Mother! (2017), as I understand from reviews and podcasts, takes some religious undertones to the umpteenth degree and then flips expectations 180 degrees. Jennifer Lawrence, who was looking to rebound after the disappointing Passengers (2016) endeavor, had a personal quiet space to take breaks from the intensity of Mother!’s most strenuous scenes. That work environment intrigues me, along with my love for Javier Bardem as an actor. Basically I love all the spheres surrounding Mother!, and I just haven’t pulled the trigger to see it yet.

I understand that this is not a movie to watch while trying to multitask, otherwise you’ll be bamboozled from the get-go. So mission assignment: set time aside and brace myself to try and understand the vision of Aronofsky.

Thor: Ragnarok

I’ll admit to kind of being a Marvel movie hater. Not every Marvel movie is an enjoyable experience. With that being said, I have a feeling I am going to LOVE Thor: Ragnarok (2017) once I see it.

Thor: The Dark World (2013) was the beginning of my Marvel downturn, however Ragnarok has brought me back aboard the zaniness Thor train…and I haven’t even seen the movie yet. When that first trailer was released, I got the sense that the movie was going to embrace the ridiculousness. Nothing about Thor: Ragnarok seems small in scale.

The problem I’ve had with comic book movies is that they take themselves too seriously. That’s been the DC Universe curse, and movies like Captain America: The Winter Soldier (2014) and Captain America: Civil War (2016) fell to the same trap, although, granted, not to the same degree. Thor: Ragnarok has no hints of that weightiness. It seems like pure bliss, what I imagine a perfect summer box office would strive to be.

One other small thing about this movie is that Cate Blanchett said she wanted to be in the movie because she wanted to be part of something her kids would love to see. With director Taika Waititi loving a free-flowing directorial style, I bet this set was amazing to be on.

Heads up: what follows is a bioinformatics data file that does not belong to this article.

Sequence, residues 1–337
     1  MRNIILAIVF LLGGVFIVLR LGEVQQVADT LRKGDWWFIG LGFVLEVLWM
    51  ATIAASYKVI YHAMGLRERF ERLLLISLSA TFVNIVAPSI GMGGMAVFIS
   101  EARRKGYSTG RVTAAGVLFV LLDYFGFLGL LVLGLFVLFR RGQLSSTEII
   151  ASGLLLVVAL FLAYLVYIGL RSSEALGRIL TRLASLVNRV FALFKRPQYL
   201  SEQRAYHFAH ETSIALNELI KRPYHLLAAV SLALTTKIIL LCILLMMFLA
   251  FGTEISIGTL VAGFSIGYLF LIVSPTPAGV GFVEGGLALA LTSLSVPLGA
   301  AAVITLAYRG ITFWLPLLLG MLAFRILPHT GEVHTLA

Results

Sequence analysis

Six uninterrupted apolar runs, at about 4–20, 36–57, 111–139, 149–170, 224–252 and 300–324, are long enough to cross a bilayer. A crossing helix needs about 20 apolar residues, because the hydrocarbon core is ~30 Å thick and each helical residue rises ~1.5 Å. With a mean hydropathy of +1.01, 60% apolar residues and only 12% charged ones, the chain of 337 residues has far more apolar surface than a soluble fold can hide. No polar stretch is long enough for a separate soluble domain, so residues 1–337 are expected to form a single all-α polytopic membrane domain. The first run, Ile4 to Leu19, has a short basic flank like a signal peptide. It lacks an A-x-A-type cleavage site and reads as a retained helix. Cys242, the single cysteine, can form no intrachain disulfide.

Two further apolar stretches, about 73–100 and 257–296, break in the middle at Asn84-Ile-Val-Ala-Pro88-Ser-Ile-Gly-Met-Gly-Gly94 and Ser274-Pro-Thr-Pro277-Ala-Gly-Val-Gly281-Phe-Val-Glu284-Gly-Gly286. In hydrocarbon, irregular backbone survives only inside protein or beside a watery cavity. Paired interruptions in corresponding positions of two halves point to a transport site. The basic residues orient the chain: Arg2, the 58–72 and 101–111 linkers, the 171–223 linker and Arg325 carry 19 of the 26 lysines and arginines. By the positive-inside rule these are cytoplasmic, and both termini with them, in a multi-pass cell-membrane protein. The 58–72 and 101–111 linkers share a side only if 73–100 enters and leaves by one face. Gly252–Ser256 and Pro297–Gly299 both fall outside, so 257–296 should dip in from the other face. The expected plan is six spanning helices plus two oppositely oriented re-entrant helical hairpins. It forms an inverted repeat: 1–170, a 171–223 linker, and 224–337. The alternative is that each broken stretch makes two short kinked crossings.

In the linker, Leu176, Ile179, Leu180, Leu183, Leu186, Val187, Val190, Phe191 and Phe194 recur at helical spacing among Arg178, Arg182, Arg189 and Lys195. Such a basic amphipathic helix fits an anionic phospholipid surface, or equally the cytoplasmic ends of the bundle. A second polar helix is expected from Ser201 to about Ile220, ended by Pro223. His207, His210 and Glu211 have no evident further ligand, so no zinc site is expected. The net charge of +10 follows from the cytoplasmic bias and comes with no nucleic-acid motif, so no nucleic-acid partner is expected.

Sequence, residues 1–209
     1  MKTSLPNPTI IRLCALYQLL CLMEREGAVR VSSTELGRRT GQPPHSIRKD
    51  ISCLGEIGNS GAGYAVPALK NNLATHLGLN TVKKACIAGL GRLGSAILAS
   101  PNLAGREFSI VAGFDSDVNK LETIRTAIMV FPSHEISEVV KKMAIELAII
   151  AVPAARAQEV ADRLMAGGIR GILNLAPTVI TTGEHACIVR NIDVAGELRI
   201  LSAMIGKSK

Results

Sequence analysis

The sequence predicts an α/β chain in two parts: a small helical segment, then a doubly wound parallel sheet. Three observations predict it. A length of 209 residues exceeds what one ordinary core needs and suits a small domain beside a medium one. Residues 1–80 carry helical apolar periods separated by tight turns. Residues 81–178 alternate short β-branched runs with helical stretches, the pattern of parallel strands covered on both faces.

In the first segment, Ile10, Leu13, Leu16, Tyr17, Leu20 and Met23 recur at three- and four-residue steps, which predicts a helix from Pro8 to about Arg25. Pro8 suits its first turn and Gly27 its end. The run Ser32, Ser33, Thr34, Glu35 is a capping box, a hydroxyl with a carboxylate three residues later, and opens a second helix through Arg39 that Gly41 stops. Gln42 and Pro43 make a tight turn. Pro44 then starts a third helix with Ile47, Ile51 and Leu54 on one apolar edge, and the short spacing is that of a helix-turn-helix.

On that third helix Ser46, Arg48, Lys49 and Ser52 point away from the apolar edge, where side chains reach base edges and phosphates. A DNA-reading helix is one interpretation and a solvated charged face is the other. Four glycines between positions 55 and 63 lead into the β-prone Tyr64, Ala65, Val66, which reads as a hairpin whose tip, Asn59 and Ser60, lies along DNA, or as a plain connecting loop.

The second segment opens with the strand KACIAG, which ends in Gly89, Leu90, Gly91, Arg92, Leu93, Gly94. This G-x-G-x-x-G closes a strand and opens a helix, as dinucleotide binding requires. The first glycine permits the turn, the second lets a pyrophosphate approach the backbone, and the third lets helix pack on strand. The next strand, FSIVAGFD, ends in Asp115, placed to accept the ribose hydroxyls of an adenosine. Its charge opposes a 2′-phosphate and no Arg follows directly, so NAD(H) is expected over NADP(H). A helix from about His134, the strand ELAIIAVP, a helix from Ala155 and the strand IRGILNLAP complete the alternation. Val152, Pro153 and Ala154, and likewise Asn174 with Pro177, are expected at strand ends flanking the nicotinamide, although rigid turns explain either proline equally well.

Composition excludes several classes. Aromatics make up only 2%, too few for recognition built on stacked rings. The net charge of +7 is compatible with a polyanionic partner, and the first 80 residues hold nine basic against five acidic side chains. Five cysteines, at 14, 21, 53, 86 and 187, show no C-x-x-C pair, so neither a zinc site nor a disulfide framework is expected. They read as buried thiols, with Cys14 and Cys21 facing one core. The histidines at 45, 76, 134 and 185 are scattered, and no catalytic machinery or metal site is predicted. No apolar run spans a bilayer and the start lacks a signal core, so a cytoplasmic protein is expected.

Three Billboards Outside Ebbing, Missouri

I love dark comedies. Pure and simple. In Bruges (2008) had me in stitches. Christian Bale’s overacted smile in American Psycho (2000) is iconic. Pulp Fiction (1994) is a classic, and the entire Edgar Wright and Simon Pegg trilogy remains immensely enjoyable.

Three Billboards Outside Ebbing, Missouri (2017) has a cast that was born purely to act in black comedies. Frances McDormand was the star of Fargo (1996), arguably the most well-known of the unique genre. Woody Harrelson is the best part of Zombieland (2009), and Sam Rockwell was in my most recent dark comedy favorite, Seven Psychopaths (2012).

Did I mention that the movie is written and directed by Martin McDonagh, the same man who helmed In Bruges and Seven Psychopaths?!

I can’t wait to laugh at people’s misery and see how irrational behavior results in fantastic verbal assaults and vulgar warfare. Beware those who see me after I watch Three Billboards Outside Ebbing, Missouri, because I’ll be in one unique mood for sure.